The TRUST IT Act arose out of a series of several Senate Health, Education, Labor and Pensions Committee hearings on interoperability issues and barriers throughout 2015. Senators Cassidy and Whitehouse both serve on the committee. ACR is now urging Congress to include TRUST IT Act in the upcoming Senate companion to H.R. 6, the 21st Century Cures Act.
If members have questions about the TRUST IT Act or ACR’s support for this bill, please contact Michael Peters, ACR Director of Regulatory and Legislative Affairs, at email@example.com.
The Centers for Medicare and Medicaid Services (CMS) recently released its final rule to implement Stage 3 Meaningful Use (MU) participation requirements as well as changes to the existing MU requirements in 2015, 2016, and 2017.
Here are five things radiologists should know about the final rule…
1. Radiologists will continue to avoid payment adjustments as before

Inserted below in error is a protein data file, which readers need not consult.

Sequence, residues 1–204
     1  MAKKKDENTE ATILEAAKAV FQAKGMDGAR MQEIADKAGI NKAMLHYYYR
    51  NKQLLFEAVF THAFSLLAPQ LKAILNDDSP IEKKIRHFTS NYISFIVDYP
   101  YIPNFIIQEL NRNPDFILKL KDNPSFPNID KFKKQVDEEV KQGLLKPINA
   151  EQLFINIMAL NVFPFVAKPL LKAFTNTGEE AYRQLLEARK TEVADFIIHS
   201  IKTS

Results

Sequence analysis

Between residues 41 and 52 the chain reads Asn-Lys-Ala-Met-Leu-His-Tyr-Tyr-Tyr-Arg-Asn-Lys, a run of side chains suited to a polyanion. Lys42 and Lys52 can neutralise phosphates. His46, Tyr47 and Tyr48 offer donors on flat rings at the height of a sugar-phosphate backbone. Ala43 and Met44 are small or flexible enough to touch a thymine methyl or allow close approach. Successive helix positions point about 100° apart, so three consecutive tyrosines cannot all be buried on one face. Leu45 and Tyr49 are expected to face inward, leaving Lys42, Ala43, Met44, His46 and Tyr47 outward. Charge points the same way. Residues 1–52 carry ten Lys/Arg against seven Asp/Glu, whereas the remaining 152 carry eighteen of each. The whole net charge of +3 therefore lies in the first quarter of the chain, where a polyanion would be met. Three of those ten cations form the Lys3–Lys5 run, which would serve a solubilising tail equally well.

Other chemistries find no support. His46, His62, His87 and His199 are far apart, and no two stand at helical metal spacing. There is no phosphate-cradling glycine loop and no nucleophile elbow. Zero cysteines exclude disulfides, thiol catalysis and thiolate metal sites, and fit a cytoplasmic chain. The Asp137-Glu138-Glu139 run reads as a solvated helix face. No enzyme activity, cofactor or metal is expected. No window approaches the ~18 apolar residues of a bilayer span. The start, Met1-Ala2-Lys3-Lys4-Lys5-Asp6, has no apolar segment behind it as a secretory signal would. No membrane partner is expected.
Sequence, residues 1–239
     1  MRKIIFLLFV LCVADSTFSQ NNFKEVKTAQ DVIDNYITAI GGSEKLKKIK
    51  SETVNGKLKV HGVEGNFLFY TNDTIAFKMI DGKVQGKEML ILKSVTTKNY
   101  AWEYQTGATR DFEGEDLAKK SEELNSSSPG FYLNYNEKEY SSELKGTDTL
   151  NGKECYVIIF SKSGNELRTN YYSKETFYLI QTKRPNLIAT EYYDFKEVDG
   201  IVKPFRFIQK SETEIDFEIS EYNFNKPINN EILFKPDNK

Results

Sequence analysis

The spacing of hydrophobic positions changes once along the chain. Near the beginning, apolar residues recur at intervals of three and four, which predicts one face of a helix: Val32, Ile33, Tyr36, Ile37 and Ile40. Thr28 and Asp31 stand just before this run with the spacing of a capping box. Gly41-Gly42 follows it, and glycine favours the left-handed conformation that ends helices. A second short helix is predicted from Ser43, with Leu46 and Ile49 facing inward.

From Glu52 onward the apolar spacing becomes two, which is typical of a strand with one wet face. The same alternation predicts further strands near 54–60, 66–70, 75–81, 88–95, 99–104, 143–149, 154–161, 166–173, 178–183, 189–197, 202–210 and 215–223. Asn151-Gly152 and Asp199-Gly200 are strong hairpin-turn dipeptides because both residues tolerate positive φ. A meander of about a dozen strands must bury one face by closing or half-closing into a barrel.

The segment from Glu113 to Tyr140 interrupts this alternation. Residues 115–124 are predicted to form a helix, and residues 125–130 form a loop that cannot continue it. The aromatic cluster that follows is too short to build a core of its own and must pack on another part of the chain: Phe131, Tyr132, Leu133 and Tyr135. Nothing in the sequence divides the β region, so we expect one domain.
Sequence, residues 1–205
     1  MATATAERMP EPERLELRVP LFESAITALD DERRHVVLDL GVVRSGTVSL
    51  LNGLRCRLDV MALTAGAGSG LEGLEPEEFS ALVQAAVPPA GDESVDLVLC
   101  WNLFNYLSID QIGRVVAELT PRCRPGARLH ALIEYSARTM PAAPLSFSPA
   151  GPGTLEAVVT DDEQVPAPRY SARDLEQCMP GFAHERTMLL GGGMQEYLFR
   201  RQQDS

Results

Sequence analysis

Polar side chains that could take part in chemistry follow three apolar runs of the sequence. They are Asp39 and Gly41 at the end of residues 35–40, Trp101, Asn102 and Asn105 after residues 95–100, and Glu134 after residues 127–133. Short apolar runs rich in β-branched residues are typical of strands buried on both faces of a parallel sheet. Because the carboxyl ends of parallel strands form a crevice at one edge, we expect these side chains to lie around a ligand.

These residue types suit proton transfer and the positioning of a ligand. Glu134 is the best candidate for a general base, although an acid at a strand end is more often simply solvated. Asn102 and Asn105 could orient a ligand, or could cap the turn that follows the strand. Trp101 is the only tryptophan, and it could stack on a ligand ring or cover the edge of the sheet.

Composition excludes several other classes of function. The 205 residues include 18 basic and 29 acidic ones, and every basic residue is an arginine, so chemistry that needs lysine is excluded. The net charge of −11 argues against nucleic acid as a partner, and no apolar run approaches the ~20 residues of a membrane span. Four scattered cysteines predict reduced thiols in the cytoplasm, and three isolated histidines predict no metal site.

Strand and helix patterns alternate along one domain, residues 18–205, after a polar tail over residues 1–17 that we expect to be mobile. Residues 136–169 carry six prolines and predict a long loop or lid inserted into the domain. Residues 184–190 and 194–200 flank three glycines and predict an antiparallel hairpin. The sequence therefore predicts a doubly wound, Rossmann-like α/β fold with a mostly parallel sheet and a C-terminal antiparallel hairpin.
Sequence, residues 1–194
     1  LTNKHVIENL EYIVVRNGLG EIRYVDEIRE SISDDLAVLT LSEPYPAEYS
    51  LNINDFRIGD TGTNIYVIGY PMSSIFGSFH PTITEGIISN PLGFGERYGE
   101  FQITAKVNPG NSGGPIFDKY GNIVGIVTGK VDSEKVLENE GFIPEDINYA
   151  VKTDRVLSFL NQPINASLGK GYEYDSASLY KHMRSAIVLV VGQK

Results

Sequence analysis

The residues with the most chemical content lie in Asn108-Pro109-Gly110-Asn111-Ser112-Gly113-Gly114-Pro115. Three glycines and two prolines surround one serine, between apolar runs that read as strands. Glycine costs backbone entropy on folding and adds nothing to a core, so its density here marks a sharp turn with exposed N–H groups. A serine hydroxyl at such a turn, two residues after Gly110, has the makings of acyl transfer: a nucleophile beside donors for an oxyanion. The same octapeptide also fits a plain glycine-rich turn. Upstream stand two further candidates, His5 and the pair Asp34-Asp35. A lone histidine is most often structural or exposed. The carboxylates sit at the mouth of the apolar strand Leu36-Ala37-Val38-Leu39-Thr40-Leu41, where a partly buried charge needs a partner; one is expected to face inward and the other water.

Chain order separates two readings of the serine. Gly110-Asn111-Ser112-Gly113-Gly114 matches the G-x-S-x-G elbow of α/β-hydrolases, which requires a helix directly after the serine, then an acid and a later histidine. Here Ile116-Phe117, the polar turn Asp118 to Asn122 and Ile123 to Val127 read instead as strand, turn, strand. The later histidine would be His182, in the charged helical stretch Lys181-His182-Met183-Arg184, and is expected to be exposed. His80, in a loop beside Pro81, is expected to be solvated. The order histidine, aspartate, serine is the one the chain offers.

The final rule did not modify or eliminate the original significant hardship exception options. Diagnostic radiologists, nuclear medicine physicians, and interventional radiologists will continue to automatically obtain hardship exceptions based on PECOS specialty code on an annual basis for up to 5 total years. This will likely remain true until the future Merit-based Incentive Payment System (MIPS) assumes control over the financial implications of the Medicare incentive programs in 2019.
2. Stage 3 MU will be far less burdensome for participating radiologists than any previous stage
Radiologists without office visits will likely meet the exclusions of all but 3 or 4 of the Stage 3 objectives/measures. The remaining objectives/measures involve:
- protecting patient data,
- enabling five distinct clinical decision support (CDS) interventions/rules,
- incorporating and reconciling certain summary of care record (C-CDA) data into CEHRT, and,
- actively engaging with three registries.
Some radiologists may be able to be excluded from the third one above, depending on certain factors.
Beyond completing the MU objectives/measures, participants will need to report clinical quality measures (CQMs) and have certified EHR technology (CEHRT) “equipped” (accessed remotely, brought it on mobile device, or installed) at a location or combination of locations in which they have >50% patient encounters. The CQMs and CQM reporting options will be determined in future payment rules.